December 12, 2013

There is more to the controversy enveloping Boston City Councilor-elect Michele Wu than meets the eye.

In January, 28-year-old Harvard College, Harvard Law educated Wu takes one of four At-Large seats on the 13-member Boston City Council.

Wu’s unexpected support for South Boston City Councilor Bill Linehan’s bid to become Council President has ticked off a number of professional political progressives.

If social media traffic is any indication, it has also raised concern among voters who -- until now -- saw Wu as the embodiment of New Boston values.

There is nothing New Boston about Bill Linehan.

For starters, Linehan had the effrontery to win reelection to the Council by beating Suzanne Lee, another New Boston doyen (like Wu, also of Asian heritage) in two consecutive elections.

In terms of programs and policy, Linehan is a classic lunch-bucket Democrat out of the FDR, HST, JFK, and LBJ mold.

And if it weren’t for what one political insider calls “all that diversity stuff”, Linehan would be more or less one with the Clinton and Obama agenda. If Linehan were practicing politics in Oklahoma, he’d be branded a communist. In Texas, he’d be called a socialist. But here in Boston, he’s considered a conservative.

Linehan is Old Boston because – despite being generally supportive of gay rights – he continues to march in the shamelessly retrograde South Boston Saint Patrick’s Day Parade.

Memo to Bill: Publicly consorting with self-styled bigots is not the road to city-wide acceptance.

More problematic for me, was Linehan’s ham-fisted attempt to muscle aside State Senator Linda Dorcena Forry from what most observers thought was her divinely ordained role as toastmaster for the annual St. Patrick’s Day breakfast.

Traditionally, the state senator representing South Boston presides over the tired and clichéd festivities. 

Until Dorcena Forry won the seat earlier this year, no one can remember the last time anyone as culturally exotic as a Dorchester resident represented Southie in Beacon Hill’s upper chamber.

The fact that Dorcena Forry is Haitian-American injected an inescapable element of speculated racial conflict to the mix.

In the end, Dorcena Forry had no trouble whipping Linehan into shape.

(If I were Linehan, I’d ask myself if Saint Patrick’s day is worth all of this grief)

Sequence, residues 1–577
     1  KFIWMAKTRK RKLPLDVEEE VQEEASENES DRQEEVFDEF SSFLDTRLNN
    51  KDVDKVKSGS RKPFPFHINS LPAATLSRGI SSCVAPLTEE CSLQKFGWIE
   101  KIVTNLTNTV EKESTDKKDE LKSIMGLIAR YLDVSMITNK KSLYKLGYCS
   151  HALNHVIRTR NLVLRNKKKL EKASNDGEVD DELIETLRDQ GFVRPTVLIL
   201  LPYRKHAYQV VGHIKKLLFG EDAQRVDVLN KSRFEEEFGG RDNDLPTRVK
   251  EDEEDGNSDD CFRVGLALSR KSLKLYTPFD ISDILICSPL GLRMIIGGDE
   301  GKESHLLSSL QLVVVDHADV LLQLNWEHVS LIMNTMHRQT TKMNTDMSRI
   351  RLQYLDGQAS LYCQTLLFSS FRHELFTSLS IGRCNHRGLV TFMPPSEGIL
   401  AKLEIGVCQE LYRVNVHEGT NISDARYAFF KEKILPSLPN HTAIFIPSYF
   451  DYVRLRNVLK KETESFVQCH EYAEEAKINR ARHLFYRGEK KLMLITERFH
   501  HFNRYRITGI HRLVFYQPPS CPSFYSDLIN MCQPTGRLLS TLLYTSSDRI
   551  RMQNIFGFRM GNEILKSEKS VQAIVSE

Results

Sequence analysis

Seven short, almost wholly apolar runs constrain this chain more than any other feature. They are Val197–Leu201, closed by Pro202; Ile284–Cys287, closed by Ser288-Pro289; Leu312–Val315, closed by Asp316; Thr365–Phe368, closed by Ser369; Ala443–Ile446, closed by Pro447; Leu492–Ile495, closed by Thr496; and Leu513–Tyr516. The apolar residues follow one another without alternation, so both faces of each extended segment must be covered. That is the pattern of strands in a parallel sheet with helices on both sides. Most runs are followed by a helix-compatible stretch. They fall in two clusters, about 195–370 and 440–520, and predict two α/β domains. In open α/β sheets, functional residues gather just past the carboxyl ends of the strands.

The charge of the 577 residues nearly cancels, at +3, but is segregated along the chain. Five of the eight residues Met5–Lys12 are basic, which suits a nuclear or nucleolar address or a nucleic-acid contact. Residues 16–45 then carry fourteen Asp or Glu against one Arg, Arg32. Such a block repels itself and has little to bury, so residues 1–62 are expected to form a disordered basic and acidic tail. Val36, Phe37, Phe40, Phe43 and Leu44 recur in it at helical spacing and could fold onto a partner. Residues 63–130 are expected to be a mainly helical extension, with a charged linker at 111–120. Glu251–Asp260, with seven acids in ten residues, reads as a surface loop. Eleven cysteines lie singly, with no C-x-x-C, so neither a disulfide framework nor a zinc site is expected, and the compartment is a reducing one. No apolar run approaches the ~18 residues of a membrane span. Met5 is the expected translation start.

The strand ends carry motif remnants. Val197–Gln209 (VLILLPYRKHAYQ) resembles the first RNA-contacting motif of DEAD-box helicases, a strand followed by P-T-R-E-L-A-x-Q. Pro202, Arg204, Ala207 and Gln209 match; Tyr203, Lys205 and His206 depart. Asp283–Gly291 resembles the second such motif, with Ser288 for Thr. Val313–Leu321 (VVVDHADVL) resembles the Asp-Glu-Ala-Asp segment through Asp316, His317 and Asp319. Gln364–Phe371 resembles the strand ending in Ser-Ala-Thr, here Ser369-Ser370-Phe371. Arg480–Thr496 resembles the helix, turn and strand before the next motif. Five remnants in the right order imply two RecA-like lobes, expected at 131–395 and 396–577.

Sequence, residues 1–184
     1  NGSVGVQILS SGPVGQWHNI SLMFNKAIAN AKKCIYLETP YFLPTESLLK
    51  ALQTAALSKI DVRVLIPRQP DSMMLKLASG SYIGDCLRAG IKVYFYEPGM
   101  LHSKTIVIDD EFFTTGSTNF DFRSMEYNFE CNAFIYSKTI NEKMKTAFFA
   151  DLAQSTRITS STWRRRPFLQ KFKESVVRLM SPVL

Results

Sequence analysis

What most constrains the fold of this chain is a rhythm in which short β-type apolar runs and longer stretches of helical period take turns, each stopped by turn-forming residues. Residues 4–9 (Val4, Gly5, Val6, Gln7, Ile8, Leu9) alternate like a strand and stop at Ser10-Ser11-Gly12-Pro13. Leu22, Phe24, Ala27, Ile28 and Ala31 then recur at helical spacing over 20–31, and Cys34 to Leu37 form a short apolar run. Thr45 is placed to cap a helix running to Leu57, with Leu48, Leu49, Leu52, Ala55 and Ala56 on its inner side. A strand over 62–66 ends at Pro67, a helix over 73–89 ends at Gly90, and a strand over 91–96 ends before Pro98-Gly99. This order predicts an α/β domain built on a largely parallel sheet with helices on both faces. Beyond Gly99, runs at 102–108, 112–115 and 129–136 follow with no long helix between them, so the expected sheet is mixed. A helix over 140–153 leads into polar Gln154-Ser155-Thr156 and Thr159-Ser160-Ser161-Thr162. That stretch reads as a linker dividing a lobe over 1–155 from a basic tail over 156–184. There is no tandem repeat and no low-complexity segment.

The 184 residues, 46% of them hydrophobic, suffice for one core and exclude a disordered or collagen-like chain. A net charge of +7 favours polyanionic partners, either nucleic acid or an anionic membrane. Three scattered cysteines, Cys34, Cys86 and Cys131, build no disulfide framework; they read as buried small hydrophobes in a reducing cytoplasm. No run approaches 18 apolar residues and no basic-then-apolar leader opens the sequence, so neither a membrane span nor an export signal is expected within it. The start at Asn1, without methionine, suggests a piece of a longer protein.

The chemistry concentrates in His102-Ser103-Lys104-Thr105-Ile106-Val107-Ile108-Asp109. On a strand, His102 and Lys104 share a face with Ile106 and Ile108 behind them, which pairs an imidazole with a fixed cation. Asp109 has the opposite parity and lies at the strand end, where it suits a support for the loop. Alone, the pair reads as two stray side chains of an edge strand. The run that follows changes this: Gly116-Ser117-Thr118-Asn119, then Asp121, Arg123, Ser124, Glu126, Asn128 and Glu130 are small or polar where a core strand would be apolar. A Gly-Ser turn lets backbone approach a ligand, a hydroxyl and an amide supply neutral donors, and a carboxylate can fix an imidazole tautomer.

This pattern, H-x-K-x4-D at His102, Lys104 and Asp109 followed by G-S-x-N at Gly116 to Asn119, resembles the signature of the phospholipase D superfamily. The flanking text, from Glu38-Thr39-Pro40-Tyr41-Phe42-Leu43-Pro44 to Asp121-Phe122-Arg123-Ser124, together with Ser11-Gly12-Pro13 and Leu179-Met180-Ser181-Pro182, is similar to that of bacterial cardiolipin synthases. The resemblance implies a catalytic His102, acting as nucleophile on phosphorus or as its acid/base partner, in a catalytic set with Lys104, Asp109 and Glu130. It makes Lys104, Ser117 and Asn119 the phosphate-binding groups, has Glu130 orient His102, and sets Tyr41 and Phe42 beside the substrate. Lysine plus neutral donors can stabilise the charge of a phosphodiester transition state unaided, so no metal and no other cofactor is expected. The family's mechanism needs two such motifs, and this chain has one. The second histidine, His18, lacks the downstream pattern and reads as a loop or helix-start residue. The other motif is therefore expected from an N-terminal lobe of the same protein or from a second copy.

Linehan’s attempt to gerrymander part of Chinatown out of his council district in an attempt to protect himself from a future challenge by Lee didn’t do his reputation much good either.

This sorry little redistricting chapter was, however, understandable. It was the ignoble but perfectly predictable action of a politician trying to hold on to his job.

In terms of the larger political spectrum, Linehan has not been as racially sensitive as say, outgoing Councilor Rob Consalvo of Hyde Park. But neither has he been as nasty and objectionable as the late Councilor Jimmy Kelly of South Boston.

For an old-fashioned Southie guy, Linehan is an improvement on previous models.

So, why is New Boston Wu aligning herself with Old Boston Linehan?

It’s called coalition building: aligning yourself with an unlikely ally in the hopes of accomplishing more together that could be achieved individually.

Also, Wu and Linehan have Chinatown in common: it’s in Linehan’s district and it constitutes part of Wu’s base.  Add to the mix that Chinatown political boss Frank Chin supports both Wu and Linehan and things begin to make sense.

Linehan’s opportunity to grab the council’s presidency is a result of the inability of progressive councilors Tito Jackson of Roxbury and Matt O’Malley of Roslindale to get out of each other’s way.

Each wanted to the presidency, but Linehan put together what appears to be a winning coalition before O’Malley and Jackson could sort things out. As of this writing, Jackson is still pursuing the job.

Will Wu be bullied into switching her vote? Hard to say, but my bet is no.

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